PHILADELPHIA -- The Johns Hopkins Blue Jays have planned to be here since the first practice of the preseason. Six weeks ago, the Maryland Terrapins were so young and inconsistent, they weren't sure if they were playoff material.
Today, in the NCAA Division I men's lacrosse tournament semifinals at Lincoln Financial Field, both teams are 60 victorious minutes away from playing on Memorial Day for the national championship.
Hopkins, the only unbeaten team left in Division I, will try to overcome the postseason demons that have hounded it since its last title year in 1987.
This is the fourth straight final four trip and the 11th overall for the Blue Jays since then, and Hopkins will have to beat fourth-seeded Virginia to get to its second final since 1989. Two years ago, the Cavaliers beat the Blue Jays for the title at M&T Bank Stadium.
Third-seeded Maryland, with lots of youth and hustle and heart -- and a hot goalie in sophomore Harry Alford -- was once a 5-5 team in search of a winning formula.
Six consecutive victories later, Maryland is the tournament's most intriguing survivor and will take aim at second-seeded Duke in today's all-ACC semifinal.
"I think for the senior class, we're really not taking anything for granted anymore. There's like a different aura in the air right now," said Hopkins senior midfielder Kyle Harrison, the leader of the Blue Jays and the favorite to be recognized as the game's premier player.
"Everybody is extremely focused, as loose as we are. Everybody knows exactly what we have to do and how hard we have to play to come out with a victory on Saturday."
Harrison heads a senior class that has produced a 53-6 record and a school-record 36-game winning streak at home.
Now the Blue Jays must get past a Virginia team that has had their number in recent years. Virginia, led by junior attackman Matt Ward and midfielders Kyle Dixon and Matt Poskay, has a 4-2 record against the Blue Jays under Hopkins coach Dave Pietramala.
For the Cavaliers, who dropped a 9-7 decision at Homewood Field on March 26, beating a deep Hopkins team on which freshmen Kevin Huntley (attack) and Paul Rabil (midfield) have emerged could come down to tempo and how well Virginia chooses its shots against a disciplined Hopkins defense.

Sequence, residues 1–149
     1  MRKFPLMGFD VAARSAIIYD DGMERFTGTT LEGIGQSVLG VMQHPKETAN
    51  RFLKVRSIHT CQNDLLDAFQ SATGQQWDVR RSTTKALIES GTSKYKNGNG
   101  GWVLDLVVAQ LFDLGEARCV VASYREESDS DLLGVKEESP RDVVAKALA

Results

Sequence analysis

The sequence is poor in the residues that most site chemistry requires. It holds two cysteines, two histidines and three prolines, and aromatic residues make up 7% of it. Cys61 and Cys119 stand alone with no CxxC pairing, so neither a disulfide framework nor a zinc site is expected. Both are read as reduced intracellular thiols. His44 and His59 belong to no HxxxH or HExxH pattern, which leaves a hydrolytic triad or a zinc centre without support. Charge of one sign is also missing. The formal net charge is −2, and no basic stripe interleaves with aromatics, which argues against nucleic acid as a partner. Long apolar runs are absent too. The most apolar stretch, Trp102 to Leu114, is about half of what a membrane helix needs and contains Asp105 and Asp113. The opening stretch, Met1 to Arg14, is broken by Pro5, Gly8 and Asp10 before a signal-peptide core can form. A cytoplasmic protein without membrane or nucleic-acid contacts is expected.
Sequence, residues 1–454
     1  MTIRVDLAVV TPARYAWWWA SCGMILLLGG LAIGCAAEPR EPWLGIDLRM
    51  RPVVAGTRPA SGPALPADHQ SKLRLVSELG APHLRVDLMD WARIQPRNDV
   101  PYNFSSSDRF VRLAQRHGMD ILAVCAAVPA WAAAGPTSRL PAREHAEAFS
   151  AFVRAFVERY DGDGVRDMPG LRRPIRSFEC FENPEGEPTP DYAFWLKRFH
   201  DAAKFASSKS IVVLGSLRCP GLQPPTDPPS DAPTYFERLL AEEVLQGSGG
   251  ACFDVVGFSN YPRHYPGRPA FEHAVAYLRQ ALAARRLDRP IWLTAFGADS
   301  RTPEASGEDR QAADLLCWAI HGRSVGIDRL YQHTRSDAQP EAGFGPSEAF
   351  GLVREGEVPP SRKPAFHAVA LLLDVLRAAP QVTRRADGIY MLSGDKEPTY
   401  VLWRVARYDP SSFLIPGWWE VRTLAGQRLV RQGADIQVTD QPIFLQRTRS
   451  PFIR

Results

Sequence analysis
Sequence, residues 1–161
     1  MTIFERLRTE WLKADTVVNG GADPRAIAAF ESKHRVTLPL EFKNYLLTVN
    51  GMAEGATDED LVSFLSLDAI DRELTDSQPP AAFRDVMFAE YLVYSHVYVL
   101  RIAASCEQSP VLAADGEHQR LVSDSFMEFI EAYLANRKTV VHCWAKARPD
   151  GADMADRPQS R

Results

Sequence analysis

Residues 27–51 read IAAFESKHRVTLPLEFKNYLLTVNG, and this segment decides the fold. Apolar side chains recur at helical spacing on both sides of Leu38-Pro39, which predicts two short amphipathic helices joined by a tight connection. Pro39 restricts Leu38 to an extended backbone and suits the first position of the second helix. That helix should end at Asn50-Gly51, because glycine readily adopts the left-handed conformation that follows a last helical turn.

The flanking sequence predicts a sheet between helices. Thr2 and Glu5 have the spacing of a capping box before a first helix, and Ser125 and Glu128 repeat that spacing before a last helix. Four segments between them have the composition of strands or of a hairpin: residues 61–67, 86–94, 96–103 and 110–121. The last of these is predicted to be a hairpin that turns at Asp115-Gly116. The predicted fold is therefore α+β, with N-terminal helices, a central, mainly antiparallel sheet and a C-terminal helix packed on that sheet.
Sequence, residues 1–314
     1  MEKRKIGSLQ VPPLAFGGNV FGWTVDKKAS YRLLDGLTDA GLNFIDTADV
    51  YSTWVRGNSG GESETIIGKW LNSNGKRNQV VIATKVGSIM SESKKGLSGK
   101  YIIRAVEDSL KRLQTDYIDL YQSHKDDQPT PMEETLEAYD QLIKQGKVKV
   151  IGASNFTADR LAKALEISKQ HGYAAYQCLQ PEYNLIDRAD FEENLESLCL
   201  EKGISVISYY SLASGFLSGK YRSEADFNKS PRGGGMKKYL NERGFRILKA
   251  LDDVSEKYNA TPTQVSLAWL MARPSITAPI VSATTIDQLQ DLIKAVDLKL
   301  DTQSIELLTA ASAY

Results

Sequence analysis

The Blue Jays have held 10 opponents to three goals or fewer in the first half and have allowed an average of 6.7 goals. Virginia loves to run. Hopkins can do it, as well, although the Blue Jays typically have settled for a slower pace, often because their opponent prefers to hold the ball.
In the first meeting between the teams, Hopkins sophomore goalie Jesse Schwartzman had 20 saves. Virginia coach Dom Starsia pointed to the Hopkins defensive scheme, noting how the Blue Jays funnel shots to the outside and test an opponent's patience on offense.
"I don't think anyone has quite gotten to Schwartzman this year," Starsia said. "I think we can be more efficient on offense than we were the last time around. We may have made Jesse's life a little too easy that day."
Duke, back in the final four for the first time since 1997 and in the tournament after back-to-back misses, has made life tough on most opponents with the nation's top-rated offense, led by sophomore attackman Matt Danowski and freshman attackman Zack Greer.
But the Blue Devils hardly scare Maryland, which dropped a 10-8 decision in College Park in early March, but outplayed Duke thoroughly while winning the ACC tournament title game, 9-5, on May 1.
Everything has clicked lately for the Terps, especially their shooting. Maryland was having trouble, hitting 25 percent of its shots by midseason. In their past three games, the Terps are shooting 43.6 percent.
And it's not just All-America attackman Joe Walters. Freshman attackman Max Ritz has scored nine goals during the winning streak. Senior midfielder Andrew Schwartzman has nine goals and eight assists during the run. And a defense dominated by underclassmen such as sophomore defenseman Steve Whittenberg and Ray Megill has been steady.
"Before the beginning of the season, we kind of accepted us as being young kids being thrown to the lions. Now you see these guys kind of taking control of what's around them," said Alford, the Most Valuable Player of the ACC tournament.
Maryland coach Dave Cottle, who has watched the Terps find different ways to win throughout the streak, wondered what's in store today.
"It's the scary part of coaching these guys right now. You have no idea what you're getting," Cottle said. "It's a very loose group. I don't think they know any better."
Maryland (11-5) vs. Duke (16-2), 11:30 a.m.
Johns Hopkins (14-0) vs. Virginia (11-3), 2 p.m. (approximate time)
Site: Lincoln Financial Field, Philadelphia
TV: Both games on ESPN2
Today's NCAA men's games
Division I semifinals
No. 2 Duke (16-2) vs. No. 3 Maryland (11-5)
Time: 11:30 a.m.
Site: Lincoln Financial Field, Philadelphia